The quick decline in the world's nature & solutions for the agricultural sector

GOAL & TARGET
This article will elaborate on the contents of the IPBES report, and point out the solutions for agriculture
The quick decline in the world's nature & solutions for the agricultural sector
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The IPBES Global Assessment Report on Biodiversity and Ecosystem Services is the first intergovernmental Report of its kind. It builds further on the Millennium Ecosystem Assessment of 2005, introducing innovative ways of evaluating evidence. 

Global Assessment Report

The report is compiled by 145 expert authors from 50 countries over the past three years. It also has inputs from another 310 contributing authors. The paper evaluates changes over the past five decades. It provides an inclusive picture of the relationship between economic development trails and their impacts on nature. It also offers different possible scenarios for decades to come. Based on the systematic review of about 15,000 scientific and government sources, the report also draws (for the first time ever at this scale) on indigenous and local knowledge, particularly addressing issues relevant to their communities.

Transformation is needed

The report finds that around 1 million animal and plant species are now threatened with extinction, of which many within decades. This is more than ever before in the history of humankind. The report also presents a wide range of illustrative actions for sustainability and pathways for achieving them across and between various sectors such as agriculture, forestry, marine systems, freshwater systems, urban areas, energy, finance and many others. In this article we will focus on key solutions for the agricultural sector. If you are interested in reading all you can consult the main report.

Key findings about agriculture

The report lists (among others) the following key statistics about the agricultural sector:

  • a 300%: increase in food crop production has taken place since 1970
  • 23%: land areas have seen a reduction in productivity due to land degradation
  • >75%: global food crop types rely on animal pollination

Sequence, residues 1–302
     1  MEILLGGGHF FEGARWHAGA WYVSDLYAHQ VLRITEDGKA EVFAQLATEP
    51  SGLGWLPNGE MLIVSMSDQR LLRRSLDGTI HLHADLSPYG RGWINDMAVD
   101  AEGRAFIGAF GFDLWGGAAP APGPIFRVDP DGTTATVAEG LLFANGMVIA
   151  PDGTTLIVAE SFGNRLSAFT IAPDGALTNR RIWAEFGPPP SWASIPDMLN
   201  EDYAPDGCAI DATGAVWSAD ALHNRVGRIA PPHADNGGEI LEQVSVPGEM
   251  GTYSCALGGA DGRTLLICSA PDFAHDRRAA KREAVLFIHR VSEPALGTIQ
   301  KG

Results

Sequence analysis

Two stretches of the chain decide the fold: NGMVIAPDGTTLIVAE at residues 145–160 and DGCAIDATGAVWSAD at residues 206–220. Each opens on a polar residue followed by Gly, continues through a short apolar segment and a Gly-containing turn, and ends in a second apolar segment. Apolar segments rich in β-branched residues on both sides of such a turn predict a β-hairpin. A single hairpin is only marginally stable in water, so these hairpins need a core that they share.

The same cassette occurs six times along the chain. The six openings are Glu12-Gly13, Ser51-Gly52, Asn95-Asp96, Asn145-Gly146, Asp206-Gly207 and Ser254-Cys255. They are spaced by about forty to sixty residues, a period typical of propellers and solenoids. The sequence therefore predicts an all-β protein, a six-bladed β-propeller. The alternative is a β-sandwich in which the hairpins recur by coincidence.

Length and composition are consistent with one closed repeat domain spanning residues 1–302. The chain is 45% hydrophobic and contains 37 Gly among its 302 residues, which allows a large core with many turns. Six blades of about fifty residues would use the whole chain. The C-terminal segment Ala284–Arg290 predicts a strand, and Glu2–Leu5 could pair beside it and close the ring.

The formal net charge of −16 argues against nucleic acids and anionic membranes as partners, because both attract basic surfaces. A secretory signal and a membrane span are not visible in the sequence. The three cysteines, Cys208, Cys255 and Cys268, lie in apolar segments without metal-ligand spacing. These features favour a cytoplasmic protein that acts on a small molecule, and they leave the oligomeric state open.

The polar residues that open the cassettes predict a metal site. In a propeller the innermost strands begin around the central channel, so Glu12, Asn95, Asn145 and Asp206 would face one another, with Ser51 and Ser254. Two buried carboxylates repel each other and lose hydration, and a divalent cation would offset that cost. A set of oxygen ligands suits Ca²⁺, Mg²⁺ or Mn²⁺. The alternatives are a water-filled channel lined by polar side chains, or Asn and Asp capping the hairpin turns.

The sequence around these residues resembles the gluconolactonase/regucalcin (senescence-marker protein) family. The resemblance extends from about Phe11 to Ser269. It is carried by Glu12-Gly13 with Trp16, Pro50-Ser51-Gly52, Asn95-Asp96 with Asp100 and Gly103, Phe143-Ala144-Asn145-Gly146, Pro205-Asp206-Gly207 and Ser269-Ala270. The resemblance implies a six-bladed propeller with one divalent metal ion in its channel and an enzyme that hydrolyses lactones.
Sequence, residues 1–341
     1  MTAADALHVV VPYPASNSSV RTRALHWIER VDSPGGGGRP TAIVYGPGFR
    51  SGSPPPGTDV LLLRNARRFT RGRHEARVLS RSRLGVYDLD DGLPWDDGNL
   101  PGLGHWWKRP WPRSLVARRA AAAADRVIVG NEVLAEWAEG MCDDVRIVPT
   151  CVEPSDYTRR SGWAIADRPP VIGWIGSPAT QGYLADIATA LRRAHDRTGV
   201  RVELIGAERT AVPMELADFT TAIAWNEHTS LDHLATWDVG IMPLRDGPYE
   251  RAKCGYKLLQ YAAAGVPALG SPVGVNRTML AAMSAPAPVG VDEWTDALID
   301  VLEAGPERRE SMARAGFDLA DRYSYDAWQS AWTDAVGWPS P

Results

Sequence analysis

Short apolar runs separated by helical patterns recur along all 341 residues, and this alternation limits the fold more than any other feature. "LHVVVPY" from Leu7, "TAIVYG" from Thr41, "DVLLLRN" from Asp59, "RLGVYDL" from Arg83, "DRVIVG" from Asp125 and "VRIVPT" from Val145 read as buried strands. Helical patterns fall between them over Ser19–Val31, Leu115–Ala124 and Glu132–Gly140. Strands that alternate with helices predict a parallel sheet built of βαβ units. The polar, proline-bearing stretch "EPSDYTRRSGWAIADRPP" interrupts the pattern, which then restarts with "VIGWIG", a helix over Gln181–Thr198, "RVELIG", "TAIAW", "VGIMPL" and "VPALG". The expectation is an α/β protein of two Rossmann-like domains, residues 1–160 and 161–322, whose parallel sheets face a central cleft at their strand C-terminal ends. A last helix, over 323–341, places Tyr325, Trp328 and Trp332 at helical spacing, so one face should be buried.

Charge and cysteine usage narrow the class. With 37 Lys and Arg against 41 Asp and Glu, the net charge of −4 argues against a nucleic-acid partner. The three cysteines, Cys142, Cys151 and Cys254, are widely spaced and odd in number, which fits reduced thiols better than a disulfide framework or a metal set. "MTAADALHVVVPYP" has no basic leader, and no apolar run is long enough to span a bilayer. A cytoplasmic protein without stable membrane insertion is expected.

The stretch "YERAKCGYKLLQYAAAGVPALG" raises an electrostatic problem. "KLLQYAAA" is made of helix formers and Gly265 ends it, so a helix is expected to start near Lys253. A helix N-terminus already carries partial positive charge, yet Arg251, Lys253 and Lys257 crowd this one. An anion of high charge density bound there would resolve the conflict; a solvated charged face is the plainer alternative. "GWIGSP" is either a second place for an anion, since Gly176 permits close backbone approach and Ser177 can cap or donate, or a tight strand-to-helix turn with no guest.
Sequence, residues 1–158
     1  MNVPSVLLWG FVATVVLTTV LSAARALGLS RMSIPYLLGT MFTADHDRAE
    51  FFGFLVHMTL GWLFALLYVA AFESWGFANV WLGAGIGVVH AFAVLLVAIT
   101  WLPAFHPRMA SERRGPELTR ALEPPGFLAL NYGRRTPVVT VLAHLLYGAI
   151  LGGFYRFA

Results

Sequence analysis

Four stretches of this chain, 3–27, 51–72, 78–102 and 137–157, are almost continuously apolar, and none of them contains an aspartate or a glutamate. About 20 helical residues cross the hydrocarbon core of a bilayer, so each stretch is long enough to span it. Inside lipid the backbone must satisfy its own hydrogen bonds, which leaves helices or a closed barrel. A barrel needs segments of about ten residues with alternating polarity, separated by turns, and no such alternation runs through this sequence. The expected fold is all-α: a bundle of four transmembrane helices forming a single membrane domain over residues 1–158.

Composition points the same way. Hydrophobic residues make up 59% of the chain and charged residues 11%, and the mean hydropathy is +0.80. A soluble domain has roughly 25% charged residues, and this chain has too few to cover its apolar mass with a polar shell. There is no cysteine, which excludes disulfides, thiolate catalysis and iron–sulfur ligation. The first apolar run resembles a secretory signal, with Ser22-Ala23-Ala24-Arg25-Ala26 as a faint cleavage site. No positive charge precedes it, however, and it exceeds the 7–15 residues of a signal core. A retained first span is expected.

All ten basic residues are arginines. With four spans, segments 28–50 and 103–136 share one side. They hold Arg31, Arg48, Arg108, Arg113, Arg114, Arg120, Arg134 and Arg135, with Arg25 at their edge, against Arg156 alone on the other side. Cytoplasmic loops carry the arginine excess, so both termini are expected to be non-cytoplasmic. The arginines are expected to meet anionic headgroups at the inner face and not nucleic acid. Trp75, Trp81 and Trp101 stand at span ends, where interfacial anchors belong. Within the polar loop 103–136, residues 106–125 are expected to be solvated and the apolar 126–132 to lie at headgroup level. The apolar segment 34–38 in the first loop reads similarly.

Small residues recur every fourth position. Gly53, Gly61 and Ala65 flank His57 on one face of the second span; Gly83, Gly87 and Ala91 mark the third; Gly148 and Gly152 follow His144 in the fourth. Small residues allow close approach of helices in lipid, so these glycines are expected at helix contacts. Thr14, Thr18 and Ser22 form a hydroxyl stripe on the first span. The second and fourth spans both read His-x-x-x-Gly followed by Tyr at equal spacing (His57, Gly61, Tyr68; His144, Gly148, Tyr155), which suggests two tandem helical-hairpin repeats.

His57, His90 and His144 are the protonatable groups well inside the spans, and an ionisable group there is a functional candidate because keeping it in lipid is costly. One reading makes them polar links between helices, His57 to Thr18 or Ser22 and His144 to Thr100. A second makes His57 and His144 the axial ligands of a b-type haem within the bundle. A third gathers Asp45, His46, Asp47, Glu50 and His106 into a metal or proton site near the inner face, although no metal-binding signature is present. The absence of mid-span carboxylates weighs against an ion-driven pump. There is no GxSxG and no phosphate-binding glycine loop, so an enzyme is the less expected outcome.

• 100 million hectares of agricultural expansion took place in the tropics from 1980 to 2000, which mainly consists of cattle ranching in Latin America (+/-42 million ha), and plantations in Southeast Asia (+/-7.5 million ha, of which 80% oil palm), half of it at the expense of intact forests
  • >33% of the world’s land surface (and +/-75% of freshwater resources) are devoted to crop or livestock production
  • 12% of the world’s ice-free land is used for crop production
  • 25% of the world’s ice-free land is used for grazing (+/-70% of drylands)
  • +/-25% of global greenhouse gas emissions are caused by land clearing, crop production and fertilization, with animal-based food contributing 75% to that figure

Solutions in the agricultural sector

In agriculture, the following solution can help to promote good agricultural and agroecological practices and therefore reduce the degradation of nature.

  • multifunctional landscape planning. This provides food security, livelihood opportunities, maintenance of species and ecological functions at the same time.
  • cross-sectoral integrated management.
  • Deeper engagement of all actors throughout the food system. 

This last point consists of the following components:

  • producers, the public sector, civil society and consumers)
  • a more integrated landscape and watershed management
  • conservation of the diversity of genes, varieties, cultivars, breeds, landraces and species
  • approaches that empower consumers and producers through market transparency,
  • improved distribution and localization (that revitalizes local economies),
  • reformed supply chains and reduced food waste.

Please find the full report here.

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